The file system begins at the end of the disk, namely at the last logical block (sector), and grows towards the beginning of the disk. Thus, in theory it can overwrite users’ data, if it grows large enough. It starts at the offset from the beginning of the disk which can be calculated with the following formula:

offset = (x – 1) * y

Here, x represents the total number of logical blocks on the disk, while y represents the size of the logical block (typically, the size of the logical block is 512 bytes). The file system of the rootkit is also divided into blocks. Each block has a size of 1,024 bytes. At the very beginning of the file system file there is a table which contains information about all the files stored in the file system. Each record in the table has the following format:

  • file name (limited to 16 symbols);

  • starting offset of the file from the beginning of the file system expressed in kilobytes (to get the actual offset of a file we need to subtract the starting offset multiplied by 1,024 from the offset of the beginning of the file system);

  • size of the file;

  • time of creation.

The structures that describe the file system are detailed in the next section.

File system structures

// Structure corresponding to file entry in the file table
typedef struct _TDL_FILE_TABLE_ENTRY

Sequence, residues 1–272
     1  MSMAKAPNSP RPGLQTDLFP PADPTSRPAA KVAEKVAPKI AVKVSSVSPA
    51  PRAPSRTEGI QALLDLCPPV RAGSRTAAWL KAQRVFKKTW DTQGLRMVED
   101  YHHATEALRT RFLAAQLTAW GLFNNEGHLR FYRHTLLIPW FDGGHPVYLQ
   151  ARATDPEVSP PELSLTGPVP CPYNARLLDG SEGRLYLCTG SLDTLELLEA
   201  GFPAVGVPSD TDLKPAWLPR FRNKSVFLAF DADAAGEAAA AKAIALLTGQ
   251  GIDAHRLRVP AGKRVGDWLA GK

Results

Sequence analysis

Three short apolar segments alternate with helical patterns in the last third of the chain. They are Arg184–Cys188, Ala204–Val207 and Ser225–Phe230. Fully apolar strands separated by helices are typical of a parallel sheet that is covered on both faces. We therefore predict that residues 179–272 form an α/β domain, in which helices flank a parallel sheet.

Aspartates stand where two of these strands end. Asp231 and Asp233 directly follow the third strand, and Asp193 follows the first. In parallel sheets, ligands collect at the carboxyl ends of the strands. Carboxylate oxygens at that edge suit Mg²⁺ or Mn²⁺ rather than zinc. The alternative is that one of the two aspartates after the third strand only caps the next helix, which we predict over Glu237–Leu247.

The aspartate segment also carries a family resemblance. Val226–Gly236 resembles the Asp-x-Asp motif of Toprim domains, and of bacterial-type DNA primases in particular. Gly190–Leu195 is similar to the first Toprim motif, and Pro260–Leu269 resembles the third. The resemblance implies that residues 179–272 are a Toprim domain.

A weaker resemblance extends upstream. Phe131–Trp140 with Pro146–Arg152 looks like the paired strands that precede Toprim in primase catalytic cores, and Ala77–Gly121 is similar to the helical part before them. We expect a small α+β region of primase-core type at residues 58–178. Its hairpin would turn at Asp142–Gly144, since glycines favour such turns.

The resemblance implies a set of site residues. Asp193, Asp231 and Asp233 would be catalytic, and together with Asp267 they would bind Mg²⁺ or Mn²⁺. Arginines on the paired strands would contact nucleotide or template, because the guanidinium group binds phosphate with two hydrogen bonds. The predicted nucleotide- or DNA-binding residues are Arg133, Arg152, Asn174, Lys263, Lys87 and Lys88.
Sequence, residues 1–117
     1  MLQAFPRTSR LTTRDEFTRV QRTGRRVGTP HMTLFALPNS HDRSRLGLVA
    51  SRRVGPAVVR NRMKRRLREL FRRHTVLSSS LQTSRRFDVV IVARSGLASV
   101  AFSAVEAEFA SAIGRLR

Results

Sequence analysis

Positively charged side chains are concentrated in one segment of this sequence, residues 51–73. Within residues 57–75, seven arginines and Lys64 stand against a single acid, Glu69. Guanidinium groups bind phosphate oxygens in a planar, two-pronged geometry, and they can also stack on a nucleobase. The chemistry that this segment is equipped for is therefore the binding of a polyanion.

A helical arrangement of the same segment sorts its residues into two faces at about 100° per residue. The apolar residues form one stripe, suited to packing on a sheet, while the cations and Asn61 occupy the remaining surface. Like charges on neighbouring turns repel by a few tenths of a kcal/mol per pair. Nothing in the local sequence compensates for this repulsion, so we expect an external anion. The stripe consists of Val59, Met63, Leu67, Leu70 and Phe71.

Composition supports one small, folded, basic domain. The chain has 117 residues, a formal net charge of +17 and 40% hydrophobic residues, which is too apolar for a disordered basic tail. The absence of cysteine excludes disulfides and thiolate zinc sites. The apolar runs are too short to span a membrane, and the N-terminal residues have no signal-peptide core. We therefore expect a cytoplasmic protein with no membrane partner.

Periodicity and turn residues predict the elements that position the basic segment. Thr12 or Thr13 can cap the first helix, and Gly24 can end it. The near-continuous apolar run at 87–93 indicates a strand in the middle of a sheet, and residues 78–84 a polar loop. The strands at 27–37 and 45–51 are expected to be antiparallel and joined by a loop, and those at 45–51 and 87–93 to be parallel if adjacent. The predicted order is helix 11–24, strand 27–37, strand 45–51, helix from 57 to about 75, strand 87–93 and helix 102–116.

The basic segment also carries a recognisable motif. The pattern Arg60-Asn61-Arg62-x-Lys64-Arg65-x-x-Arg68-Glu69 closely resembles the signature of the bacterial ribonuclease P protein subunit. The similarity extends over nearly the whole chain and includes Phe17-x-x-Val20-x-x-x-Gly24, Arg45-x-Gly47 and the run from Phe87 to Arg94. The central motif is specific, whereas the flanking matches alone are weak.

char FileName[16];            // file name
     ULONG FileSize;         // size of the file
     ULONG FileOffset;       // offset of the file in kilobytes
     __int64 FileTime;       // time of creation

// Structure corresponding to block with file
typedef struct _TDL_FILE_OBJECT
     ULONG Signature;        // TDLF or TDLN if the block is free
     ULONG NextBlockOffset;  // offset to the next block with file data in kilobytes
     ULONG Reserved;
     UCHAR FileData[0x3F4];  // file data

//Structure corresponding to file table
typedef struct _TDL_FS_DIRECTORY
     ULONG Signature;        // TDLD
     ULONG NextBlockOffset;  // offset of the next block with file table if any
     ULONG Reserved;
     TDL_FILE_TABLE_ENTRY Files[0x1F];   // array of file entries in file table

Each block of the rootkit’s file system has the following format:

  • 0/3 bytes – signature:

    • TDLD – if the block contains file table information

    • TDLF – if the block contains a file

    • TDLN – if the block is free

  • 4/7 – offset to the next block from the beginning of the file system expressed in kilobytes;

  • 8/11 – size of the data;

  • 12/1023 – data.

Figure 2, “First block of the rootkit's file system.” shows an example of the file table.

First block of the rootkit's file system.

Figure 2. First block of the rootkit's file system.

As we can see from Figure 2, “First block of the rootkit's file system.”, the file system contains five files: